Te Puni Kokiri

Language preference: Māori English

Language preference: Māori English

Publications about Natural Resources

  • He Tiro Whānui e pā ana ki te Tiaki Taiao 2012: 2012 Kaitiaki Survey Report

    • Published in 2013

    The Te Puni Kōkiri Kaitiaki Survey was conducted between September and November 2012 with individuals and organisations that do environmental work and engage in Resource Management Act 1991 processes on behalf of iwi or hapū, or both. The Kaitiaki Survey is a first step in establishing baseline information about how iwi and hapū are involved in natural resource management, including Resource Management Act processes. This report summarises the Kaitiaki survey results. Published in 2013.

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  • Owners' Aspirations Regarding the Utilisation of Māori Land

    • Published in 2011

    Te Puni Kōkiri commissioned case study research to improve its knowledge base about land utilisation and identify areas of improvement in current regulatory regimes so as to promote Māori land utilisation. The report, “Owners’ Aspirations Regarding the Utilisation of Māori Land”, sought to identify the aspirations that Māori have for their land and how these can best be supported.

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  • Aquaculture Development in New Zealand: Scientific and Technical Information to Inform Māori.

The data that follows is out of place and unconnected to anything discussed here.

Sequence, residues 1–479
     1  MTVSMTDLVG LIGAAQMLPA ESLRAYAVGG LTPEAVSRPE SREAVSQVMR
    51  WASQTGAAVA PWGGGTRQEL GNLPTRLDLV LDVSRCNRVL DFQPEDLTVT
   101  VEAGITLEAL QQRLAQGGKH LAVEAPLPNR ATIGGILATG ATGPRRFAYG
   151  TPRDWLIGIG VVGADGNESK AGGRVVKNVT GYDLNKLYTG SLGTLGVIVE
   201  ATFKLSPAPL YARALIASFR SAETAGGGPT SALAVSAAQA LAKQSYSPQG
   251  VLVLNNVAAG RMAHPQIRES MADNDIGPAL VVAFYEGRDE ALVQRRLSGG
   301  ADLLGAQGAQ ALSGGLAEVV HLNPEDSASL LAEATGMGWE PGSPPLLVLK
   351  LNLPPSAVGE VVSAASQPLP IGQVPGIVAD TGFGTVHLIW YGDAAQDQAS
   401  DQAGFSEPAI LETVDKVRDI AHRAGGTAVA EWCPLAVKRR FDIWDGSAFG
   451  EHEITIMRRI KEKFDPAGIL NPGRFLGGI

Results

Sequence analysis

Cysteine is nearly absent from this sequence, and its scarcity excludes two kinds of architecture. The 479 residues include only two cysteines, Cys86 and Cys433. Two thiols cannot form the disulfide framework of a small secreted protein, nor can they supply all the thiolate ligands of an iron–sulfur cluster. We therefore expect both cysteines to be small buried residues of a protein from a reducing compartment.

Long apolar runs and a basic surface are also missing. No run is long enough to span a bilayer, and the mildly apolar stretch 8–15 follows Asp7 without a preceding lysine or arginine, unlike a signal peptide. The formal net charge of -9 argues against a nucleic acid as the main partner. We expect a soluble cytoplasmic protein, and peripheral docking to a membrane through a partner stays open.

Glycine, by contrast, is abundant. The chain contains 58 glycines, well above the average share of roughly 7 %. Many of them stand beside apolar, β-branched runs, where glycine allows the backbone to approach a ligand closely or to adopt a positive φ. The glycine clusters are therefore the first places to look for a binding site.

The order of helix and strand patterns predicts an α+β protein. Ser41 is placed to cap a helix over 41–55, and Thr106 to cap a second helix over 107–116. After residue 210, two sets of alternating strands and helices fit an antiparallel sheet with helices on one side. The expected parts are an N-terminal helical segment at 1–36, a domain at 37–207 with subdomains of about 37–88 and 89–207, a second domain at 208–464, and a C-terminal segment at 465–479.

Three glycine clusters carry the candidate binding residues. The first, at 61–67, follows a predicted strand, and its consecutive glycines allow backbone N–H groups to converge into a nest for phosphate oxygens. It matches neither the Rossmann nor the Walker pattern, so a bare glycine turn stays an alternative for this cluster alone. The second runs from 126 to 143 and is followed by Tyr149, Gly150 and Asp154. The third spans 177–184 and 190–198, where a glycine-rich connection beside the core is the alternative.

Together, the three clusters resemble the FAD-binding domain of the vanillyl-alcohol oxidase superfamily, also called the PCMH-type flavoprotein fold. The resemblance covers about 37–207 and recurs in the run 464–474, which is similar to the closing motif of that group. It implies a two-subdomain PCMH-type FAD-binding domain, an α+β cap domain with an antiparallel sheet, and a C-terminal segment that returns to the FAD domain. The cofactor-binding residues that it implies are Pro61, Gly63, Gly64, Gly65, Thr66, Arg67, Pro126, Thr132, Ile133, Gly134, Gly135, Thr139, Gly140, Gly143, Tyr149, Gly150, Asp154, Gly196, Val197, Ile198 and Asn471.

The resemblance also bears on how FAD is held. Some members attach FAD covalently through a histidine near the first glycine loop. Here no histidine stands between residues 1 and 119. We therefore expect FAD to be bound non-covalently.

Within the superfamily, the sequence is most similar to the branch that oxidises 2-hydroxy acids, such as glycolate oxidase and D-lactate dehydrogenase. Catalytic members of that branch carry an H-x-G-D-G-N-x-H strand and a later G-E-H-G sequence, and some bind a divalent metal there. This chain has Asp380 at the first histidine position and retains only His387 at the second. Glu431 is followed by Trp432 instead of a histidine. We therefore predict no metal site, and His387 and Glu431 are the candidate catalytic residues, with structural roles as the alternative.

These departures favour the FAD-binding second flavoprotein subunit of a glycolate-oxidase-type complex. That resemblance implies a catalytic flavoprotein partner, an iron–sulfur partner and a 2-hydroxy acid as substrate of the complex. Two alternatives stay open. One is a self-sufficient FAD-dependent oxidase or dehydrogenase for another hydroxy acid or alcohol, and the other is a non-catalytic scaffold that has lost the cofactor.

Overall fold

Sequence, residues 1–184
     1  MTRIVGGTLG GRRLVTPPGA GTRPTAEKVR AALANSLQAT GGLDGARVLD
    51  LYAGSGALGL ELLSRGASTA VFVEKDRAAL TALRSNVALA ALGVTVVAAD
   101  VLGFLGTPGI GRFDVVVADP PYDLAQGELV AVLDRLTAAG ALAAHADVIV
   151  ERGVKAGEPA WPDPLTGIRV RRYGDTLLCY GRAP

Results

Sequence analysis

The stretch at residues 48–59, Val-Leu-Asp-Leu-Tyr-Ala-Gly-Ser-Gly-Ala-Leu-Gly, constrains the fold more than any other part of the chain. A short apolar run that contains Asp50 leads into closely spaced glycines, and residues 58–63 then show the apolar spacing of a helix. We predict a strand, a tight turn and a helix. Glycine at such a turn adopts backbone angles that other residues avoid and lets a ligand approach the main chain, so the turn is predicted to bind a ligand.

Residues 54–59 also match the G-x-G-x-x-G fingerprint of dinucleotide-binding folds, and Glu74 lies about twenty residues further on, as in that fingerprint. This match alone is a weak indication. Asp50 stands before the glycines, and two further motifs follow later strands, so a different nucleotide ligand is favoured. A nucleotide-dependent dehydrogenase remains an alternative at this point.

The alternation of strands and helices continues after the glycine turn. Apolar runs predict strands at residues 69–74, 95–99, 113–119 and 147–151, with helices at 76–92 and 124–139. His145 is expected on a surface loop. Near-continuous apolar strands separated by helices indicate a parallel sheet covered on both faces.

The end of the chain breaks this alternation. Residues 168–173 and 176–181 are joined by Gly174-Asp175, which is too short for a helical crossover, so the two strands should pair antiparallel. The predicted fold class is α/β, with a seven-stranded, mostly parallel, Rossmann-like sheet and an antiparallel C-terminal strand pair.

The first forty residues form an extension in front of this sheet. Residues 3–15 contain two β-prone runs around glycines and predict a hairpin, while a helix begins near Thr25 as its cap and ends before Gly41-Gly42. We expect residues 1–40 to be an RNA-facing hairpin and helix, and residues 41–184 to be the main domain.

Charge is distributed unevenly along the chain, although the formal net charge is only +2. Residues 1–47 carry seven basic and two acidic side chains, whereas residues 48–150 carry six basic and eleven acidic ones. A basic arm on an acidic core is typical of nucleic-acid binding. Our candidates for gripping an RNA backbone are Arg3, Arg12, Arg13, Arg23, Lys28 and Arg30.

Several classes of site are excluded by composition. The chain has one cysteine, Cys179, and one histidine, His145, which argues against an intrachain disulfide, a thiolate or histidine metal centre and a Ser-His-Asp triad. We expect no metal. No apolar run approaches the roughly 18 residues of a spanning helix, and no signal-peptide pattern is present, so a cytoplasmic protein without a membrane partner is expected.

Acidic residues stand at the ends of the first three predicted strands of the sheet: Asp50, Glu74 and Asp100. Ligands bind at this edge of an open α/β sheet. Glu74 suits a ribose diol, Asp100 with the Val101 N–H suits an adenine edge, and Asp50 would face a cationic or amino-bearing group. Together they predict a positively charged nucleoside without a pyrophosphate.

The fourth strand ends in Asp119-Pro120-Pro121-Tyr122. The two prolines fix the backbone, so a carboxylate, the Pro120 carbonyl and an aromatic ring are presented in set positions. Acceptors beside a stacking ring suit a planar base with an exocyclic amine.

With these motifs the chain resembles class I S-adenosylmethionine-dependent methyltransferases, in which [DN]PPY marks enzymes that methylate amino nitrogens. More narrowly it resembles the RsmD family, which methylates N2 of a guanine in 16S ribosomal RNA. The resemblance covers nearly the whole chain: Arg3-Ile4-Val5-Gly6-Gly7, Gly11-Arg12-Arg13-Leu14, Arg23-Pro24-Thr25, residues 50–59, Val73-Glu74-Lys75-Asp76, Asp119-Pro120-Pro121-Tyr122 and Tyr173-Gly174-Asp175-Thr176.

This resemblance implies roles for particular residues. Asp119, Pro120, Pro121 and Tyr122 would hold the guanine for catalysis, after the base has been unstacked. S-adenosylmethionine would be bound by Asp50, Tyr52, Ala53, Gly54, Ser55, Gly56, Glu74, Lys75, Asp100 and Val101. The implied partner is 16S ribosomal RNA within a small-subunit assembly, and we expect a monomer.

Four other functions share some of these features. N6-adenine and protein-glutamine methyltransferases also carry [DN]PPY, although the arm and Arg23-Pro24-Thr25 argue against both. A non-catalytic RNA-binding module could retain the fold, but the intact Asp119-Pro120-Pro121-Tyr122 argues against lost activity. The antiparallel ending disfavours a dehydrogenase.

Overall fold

• Published in 2009

    We regret to inform you that this publication is currently unavailable. We apologise for this delay.

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  • Te Ripoata Ohanga Māori mō Te Waiariki: Report on the Māori Asset Base in the Waiariki Economy – An Economic Growth Strategy for a Sustainable Future

    • Published in 2009

    Māori economic development is historically concentrated in the primary industries and is driven by land ownership. An informed understanding of the current value and growth potential of the Maori asset base provides a strong foundation for strategic decisions, relationships and alliances to anchor Māori as key drivers of economic change within Aotearoa and globally.

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  • Ahumoana Ahutāngata, Aquaculture Development in New Zealand: Scientific and Technical Information to Inform Māori

    • Published in 2009

    Aquaculture has the potential to meet the increasing demand from local and overseas markets for seafood. A range of reasons can be given for why Māori might get involved in aquaculture. These include investment opportunities, providing kai for customary purposes, creating employment, doing research or even making money, but, whatever the reason it is essential for those involved to have a realistic vision of how to move from an aquaculture concept to a commercial aquaculture enterprise.

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  • Ahumoana Ahutāngata, Aquaculture Development in New Zealand: Scientific and Technical Information to Inform Māori

    • Published in 2009

    Māori figure prominently in the aquaculture industry and government strategies for aquaculture development. While the promotion of Māori success is specified in The New Zealand Aquaculture Strategy, all 10 points in the strategy are important aspects for Māori, and iwi will be critical in delivering these aspects of the plan in order to achieve the vision of a $1 billion industry by 2025.

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  • Planning for Aquaculture

    • Published in 2007